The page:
July was a good month for New York City’s restaurant scene with food halls, dumpling houses and ramen shops securing four of the spots on this list. However, the largest lease last month by a large margin was inked by a movie theater.
July’s 10 biggest retail leases totaled 177,600 square feet, up 13,000 square feet from June’s total of 164,600 square feet. The largest retail lease in July was inked in Penn Plaza.
The total is slightly more than that of this time last year. In July of 2018, the top 10 largest retail leases totaled 171,900 square feet, 5,700 square feet fewer than last month’s total.
1) AMC Theatres, 312 West 34th Street, Penn Plaza – 95,341 square feet
The multilevel movie theater renewed its 15-year lease for 95,341 square feet of space at 312 West 34th Street. The building’s landlord is SL Green Realty. AMC’s neighbors at the building include Dunkin’ Donuts and Chipotle.
2) KFF, 218 West 40th Street, Garment District – 22,927 square feet
The Korean food hall signed a multilevel lease for 22,927 square feet of space at 218 West 40th Street. Young Byunn of Winick Realty Group represented the tenant, while Brian Neugeboren, Nicole Goetz and Bob Savitt of Savitt Partners represented the landlord, 218 West 40th Associates.
3) Ulta Beauty, 2 Herald Square, Penn Plaza – 12,040 square feet
The beauty retailer inked a lease for a 12,040 square-foot flagship store at 2 Herald Square. The space was formerly occupied by H&M. Patrick Breslin and Kenny Yip of Colliers International represented the tenant, and Ariel Schuster, Ross Berkowitz, Jason Wecker and Mitch Heifetz of RKF represented the landlord, SL Green Realty.
4) Magic Moments Academy, 639 Classon Avenue, Crown Heights – 11,500 square feet
The daycare center signed a lease for 11,500 square feet of former co-working space at 639 Classon Avenue. The lease marks Magic Moments Academy’s second location. James Monteleone of All Points Real Estate represented both the tenant and the landlord, Green Pacific Realty.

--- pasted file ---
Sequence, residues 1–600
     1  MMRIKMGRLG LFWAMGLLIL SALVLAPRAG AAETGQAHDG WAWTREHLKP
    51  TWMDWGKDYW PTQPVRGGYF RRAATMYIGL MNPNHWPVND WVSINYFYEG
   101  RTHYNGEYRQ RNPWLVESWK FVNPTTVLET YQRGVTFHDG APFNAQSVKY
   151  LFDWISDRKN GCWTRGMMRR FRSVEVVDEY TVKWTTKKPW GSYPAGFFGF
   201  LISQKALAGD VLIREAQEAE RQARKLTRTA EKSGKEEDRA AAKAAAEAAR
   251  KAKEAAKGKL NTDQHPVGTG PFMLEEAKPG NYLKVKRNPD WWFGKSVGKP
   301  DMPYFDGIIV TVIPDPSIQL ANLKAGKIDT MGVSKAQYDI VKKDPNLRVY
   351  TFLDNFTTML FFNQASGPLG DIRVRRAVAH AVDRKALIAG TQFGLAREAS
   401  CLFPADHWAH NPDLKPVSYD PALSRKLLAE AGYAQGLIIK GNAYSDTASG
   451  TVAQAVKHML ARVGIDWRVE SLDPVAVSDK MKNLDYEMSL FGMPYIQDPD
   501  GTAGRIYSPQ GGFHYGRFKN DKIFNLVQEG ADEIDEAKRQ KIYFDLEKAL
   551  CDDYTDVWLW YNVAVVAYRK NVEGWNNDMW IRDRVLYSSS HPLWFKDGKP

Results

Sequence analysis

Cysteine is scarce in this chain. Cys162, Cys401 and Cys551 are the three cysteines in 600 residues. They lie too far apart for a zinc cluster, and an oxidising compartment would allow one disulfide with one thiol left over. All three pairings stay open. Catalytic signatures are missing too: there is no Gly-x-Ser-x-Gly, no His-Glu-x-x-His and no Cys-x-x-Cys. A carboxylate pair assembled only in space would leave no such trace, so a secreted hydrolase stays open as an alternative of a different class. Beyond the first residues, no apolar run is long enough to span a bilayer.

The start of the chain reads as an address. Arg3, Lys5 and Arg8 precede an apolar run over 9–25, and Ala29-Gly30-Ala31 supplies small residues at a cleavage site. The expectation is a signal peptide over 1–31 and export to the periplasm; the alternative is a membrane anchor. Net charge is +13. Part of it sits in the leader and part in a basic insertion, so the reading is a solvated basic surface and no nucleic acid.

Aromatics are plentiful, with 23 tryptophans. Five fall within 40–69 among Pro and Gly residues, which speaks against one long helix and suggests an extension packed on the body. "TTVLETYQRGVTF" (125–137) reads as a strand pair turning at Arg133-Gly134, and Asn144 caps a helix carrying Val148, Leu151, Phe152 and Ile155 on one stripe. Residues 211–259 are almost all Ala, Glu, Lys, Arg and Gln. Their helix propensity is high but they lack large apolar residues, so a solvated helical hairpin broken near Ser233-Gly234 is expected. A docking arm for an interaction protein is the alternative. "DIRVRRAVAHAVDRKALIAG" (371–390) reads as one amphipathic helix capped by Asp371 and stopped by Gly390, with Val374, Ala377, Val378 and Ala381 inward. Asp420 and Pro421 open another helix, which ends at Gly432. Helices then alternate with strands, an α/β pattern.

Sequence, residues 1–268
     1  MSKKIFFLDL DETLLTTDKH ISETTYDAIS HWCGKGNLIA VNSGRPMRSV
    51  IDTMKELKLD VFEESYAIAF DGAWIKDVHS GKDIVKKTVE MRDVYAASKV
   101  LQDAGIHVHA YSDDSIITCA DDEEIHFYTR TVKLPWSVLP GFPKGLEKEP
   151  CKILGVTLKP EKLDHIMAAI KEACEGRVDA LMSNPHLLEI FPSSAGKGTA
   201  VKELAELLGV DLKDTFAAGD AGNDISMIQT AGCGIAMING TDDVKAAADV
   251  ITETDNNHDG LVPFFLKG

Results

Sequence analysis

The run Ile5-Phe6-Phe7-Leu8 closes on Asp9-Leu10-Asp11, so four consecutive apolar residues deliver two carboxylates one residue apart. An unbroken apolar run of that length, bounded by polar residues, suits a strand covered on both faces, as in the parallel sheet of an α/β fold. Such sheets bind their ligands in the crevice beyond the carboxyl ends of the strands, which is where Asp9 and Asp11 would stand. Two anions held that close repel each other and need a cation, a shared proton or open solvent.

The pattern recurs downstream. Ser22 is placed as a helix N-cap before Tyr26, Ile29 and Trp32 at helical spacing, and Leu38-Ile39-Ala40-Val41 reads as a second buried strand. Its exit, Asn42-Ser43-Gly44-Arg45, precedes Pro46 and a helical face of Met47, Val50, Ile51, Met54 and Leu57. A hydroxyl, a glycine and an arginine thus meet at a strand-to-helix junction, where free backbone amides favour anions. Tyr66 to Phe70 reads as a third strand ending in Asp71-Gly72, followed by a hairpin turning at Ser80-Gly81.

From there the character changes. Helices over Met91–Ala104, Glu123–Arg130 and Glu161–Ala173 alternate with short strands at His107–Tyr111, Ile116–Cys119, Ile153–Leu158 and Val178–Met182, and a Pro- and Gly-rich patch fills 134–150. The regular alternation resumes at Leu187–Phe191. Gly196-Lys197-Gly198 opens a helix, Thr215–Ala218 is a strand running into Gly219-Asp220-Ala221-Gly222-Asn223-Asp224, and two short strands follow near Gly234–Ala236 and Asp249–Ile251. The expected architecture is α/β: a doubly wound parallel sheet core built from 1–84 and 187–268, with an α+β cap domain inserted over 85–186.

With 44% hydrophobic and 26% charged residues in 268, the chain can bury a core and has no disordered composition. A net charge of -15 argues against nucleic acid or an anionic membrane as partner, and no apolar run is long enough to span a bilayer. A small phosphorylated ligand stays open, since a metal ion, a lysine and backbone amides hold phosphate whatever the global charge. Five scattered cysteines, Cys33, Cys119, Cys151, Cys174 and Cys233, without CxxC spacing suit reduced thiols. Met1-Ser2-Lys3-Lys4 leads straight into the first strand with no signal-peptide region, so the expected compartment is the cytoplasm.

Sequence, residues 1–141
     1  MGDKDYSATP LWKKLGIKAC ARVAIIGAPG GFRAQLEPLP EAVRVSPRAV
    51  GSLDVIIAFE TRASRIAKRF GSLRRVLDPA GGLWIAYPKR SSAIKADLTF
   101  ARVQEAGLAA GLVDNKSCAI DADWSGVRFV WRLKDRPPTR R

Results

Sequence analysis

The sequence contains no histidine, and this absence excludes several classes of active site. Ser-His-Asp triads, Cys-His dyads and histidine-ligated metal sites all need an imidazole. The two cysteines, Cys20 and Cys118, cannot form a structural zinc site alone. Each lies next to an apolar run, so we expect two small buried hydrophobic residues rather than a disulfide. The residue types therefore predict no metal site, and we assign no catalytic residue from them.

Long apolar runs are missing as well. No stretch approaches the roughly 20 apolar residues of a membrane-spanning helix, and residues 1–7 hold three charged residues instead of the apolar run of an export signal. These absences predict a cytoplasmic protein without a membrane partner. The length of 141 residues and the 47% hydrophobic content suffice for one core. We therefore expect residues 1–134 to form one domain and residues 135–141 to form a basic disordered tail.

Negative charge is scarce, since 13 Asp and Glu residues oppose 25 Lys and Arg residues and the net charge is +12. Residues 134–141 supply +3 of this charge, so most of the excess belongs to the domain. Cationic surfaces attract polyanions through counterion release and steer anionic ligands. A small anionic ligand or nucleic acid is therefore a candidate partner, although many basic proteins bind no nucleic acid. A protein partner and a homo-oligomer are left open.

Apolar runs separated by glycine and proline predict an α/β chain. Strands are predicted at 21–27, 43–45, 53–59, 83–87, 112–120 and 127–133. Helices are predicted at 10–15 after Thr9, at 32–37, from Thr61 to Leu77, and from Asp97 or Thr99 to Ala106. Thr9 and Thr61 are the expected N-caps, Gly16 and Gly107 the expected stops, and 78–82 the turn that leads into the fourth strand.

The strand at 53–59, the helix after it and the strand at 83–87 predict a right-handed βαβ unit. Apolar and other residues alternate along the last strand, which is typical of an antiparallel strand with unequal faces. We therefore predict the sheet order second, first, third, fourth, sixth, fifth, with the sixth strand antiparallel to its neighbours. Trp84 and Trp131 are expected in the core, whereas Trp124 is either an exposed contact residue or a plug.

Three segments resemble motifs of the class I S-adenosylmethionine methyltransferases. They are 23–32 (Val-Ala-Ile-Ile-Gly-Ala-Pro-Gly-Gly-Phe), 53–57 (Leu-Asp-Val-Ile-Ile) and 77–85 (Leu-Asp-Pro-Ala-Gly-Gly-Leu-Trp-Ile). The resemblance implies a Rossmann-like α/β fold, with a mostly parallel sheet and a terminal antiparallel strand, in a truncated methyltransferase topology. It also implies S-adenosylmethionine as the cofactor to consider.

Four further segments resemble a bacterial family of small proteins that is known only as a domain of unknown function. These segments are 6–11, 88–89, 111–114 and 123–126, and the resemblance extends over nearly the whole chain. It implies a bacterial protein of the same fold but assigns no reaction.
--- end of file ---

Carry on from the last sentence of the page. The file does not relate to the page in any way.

5) Wonder World NYC, 61 North 9th Street, Williamsburg – 8,000 square feet
The popup art exhibit inked a lease for 8,000 square feet of space at 61 North 9th Street. The lease marks the immersive exhibit’s return to NYC after a stint in run in Los Angeles. Jacob Twena of Tri State Commercial Realty represented the tenant. Shlomi Bagdadi and Avi Akiva of Tri State Commercial Realty represented the landlord, 61 North 9th LLC.
6) Venn City, 10-22 Wyckoff Avenue, Ridgewood – 7,975 square feet
The co-living space signed a lease for 7,975 square feet of space at 10-22 Wyckoff Avenue. Peter Schubert, Abbie Cheng and Bill Strassman of TerraCRG represented both the tenant and the landlord, 10-22 Wyckoff LLC.
7) Brunello Cucinelli, 50 Gansevoort Street, West Village – 6,100 square feet
The Italian fashion brand inked a lease for 6,100 square feet of space at 50 Gansevoort Street. The brand is one of three high-end clothing retailers to recently sign leases at the building. Joel Isaacs of Isaacs and Company represented the landlords, Aurora Capital and William E. Gottlieb Real Estate.
8) Nan Xiang Xiao Long Bao, One Fulton Square, Flushing – 5,113 square feet
The dumpling house signed a 10-year lease for 5,113 square feet of space at One Fulton Square. The restaurant is moving to the new space from its original location which is only steps away. The owners announced that the original location would be shutting its doors only a month before the new lease was announced. F&T Group represented the landlord in house.
9) Calle Ocho, 2756 Broadway, Upper West Side – 4,400 square feet
The restaurant signed a lease for 4,400 square feet of space at 2756 Broadway, relocating from its longtime home at 45 West 81st Street. Jarrett Sharp and Gage Sharp of Murro Realty represented both the tenant and the landlord, Michael Rose.
10) Momosan Ramen & Sake, 76 Saint Marks Avenue, Park Slope – 4,173 square feet
Iron Chef Masaharu Morimoto’s restaurant and ramen shop signed a 10-year lease for 4,173 square feet of space at 76 Saint Marks Avenue. Jason Richter of Capricorn Retail Advisors represented the tenant, while RKF represented the landlord, RedSky Capital.